perfect rhyme


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Related to perfect rhyme: half rhyme, slant rhyme

perfect rhyme

n.
1. Rhyme in which the final accented vowel and all succeeding consonants or syllables are identical, while the preceding consonants are different, for example, great, late; rider, beside her; dutiful, unbeautiful. Also called full rhyme, true rhyme.
2. Rime riche.

perfect rhyme

n
1. (Poetry) Also called: full rhyme rhyme between words in which the stressed vowels and any succeeding consonants are identical although the consonants preceding the stressed vowels may be different, as between part/hart or believe/conceive
2. (Poetry) a rhyme between two words that are pronounced the same although differing in meaning, as in bough/bow
Translations

perfect rhyme

References in periodicals archive ?
He further added, "This political apocalypse was going on in Europe and in America, and it found a perfect rhyme with what was going on in my own life.
Applesauce isn't a perfect rhyme of the others with its hissed-s rather than-z end sound but is throw in to represent nonsense and as a particular reference to Louis Phillips' long series of that name in Kickshaws.
They like everything to have a perfect rhyme, which is a real challenge for me, because I don't work with any rules.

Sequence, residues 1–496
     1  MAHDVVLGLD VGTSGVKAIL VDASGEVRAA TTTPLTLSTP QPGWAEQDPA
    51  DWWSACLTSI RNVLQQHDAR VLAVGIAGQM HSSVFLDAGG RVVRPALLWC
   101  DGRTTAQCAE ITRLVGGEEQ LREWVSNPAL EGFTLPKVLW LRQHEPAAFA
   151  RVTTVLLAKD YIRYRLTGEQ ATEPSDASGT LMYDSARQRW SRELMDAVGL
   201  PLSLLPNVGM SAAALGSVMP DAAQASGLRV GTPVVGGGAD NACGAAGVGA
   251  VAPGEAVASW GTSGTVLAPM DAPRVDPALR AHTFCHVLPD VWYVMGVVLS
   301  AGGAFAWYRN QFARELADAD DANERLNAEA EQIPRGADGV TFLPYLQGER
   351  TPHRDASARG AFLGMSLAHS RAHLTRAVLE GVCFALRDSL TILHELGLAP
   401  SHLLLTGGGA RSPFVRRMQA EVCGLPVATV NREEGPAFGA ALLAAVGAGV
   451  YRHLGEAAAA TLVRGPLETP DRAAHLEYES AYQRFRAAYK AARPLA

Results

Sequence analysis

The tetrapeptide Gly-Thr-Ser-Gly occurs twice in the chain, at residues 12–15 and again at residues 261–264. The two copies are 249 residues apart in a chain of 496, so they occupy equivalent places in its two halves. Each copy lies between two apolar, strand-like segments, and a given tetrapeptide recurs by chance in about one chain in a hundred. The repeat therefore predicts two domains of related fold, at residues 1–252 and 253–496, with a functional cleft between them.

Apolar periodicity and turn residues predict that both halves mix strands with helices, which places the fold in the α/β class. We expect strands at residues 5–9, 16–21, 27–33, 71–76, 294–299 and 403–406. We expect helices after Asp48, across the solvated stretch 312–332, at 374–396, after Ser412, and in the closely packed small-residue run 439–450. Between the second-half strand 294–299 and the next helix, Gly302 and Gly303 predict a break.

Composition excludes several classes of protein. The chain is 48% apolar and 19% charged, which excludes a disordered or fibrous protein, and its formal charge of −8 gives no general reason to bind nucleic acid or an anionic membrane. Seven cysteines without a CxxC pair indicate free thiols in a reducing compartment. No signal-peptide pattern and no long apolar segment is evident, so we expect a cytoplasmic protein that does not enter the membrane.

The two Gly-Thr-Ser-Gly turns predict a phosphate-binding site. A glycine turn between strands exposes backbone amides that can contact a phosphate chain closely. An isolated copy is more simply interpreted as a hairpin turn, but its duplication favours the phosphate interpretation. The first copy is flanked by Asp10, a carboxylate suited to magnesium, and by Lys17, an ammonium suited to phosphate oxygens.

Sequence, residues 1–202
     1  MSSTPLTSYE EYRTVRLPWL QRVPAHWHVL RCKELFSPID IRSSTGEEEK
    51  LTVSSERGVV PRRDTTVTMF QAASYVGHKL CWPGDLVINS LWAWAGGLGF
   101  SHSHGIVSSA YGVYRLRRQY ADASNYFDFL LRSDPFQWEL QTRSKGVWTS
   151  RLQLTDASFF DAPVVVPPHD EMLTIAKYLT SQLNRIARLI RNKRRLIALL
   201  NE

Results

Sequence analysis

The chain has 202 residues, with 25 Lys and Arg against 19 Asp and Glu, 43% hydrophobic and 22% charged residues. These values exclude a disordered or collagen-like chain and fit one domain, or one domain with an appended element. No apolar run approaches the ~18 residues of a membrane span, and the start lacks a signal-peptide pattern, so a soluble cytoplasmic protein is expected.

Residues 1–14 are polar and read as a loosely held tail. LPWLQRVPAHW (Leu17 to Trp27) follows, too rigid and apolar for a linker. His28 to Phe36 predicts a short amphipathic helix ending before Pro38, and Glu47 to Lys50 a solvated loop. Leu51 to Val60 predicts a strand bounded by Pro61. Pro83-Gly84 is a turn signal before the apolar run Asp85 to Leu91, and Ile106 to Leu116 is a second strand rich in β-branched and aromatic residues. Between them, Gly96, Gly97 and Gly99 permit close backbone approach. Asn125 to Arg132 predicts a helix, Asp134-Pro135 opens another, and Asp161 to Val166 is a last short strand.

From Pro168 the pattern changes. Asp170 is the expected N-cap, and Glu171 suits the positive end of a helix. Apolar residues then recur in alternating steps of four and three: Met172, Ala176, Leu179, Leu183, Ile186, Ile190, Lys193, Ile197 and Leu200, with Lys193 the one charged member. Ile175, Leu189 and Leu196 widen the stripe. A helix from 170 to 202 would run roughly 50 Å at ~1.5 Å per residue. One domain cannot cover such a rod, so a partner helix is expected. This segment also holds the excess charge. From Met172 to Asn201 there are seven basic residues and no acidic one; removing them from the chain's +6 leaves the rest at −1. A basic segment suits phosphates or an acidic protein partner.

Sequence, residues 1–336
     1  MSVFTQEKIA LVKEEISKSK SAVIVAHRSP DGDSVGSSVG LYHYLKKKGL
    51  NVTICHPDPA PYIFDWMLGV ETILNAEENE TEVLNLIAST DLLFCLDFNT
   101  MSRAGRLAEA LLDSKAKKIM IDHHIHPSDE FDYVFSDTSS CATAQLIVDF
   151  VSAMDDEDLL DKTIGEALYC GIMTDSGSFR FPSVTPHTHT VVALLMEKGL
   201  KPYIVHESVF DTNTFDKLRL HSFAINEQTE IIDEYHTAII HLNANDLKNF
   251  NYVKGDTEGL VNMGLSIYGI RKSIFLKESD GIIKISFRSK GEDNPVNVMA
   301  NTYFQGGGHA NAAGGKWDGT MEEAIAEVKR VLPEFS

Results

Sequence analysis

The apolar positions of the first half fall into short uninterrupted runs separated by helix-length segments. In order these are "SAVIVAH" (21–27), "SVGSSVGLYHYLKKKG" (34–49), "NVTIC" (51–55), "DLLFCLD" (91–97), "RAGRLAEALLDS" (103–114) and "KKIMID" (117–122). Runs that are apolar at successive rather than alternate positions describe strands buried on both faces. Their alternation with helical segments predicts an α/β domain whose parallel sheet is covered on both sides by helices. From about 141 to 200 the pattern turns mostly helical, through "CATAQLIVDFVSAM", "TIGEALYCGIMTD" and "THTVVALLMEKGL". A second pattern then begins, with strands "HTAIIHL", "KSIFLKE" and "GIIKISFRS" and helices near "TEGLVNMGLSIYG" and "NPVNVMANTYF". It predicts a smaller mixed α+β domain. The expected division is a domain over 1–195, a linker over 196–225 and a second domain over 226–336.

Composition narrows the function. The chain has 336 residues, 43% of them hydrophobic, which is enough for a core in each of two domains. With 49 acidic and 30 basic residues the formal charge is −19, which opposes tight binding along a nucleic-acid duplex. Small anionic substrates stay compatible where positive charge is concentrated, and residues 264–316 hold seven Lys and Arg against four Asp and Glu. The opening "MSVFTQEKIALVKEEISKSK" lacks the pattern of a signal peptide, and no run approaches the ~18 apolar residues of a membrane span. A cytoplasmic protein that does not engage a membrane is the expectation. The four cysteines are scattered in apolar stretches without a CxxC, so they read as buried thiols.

It's important to get the perfect rhythm and the perfect rhyme in a children's book.
I believe the most beautiful line of poetry that you can read is one that has perfect rhyme, form and meaning.
As well as endorsing his earlier model, their analysis suggested a fifth stage "for which the perfect rhyme could not be found".
They not only make a perfect rhyme, but through consonance and assonance, they resonate in our imagination.
Where perfect rhyme does occur, however, it is all the more effective for its rarity.
Full or perfect rhyme occurs when differing consonant sounds are followed by identical, accented vowel sounds, and any sounds that may come after are also identical.
However, Staniforth is fairly close; he respects the scheme as much as Dale, though he is unafraid of assonance and pararhyme in place of perfect rhyme, not the case with Dale.
In Shapero's most memorable endings, her music gets impeccable--syntax winding up, meter evening out, perfect rhymes clicking into place--exactly when life starts to seem unfathomable.
Dickinson is famous for her off-rhymes: tomb/room and summer/ dollar are far from perfect rhymes.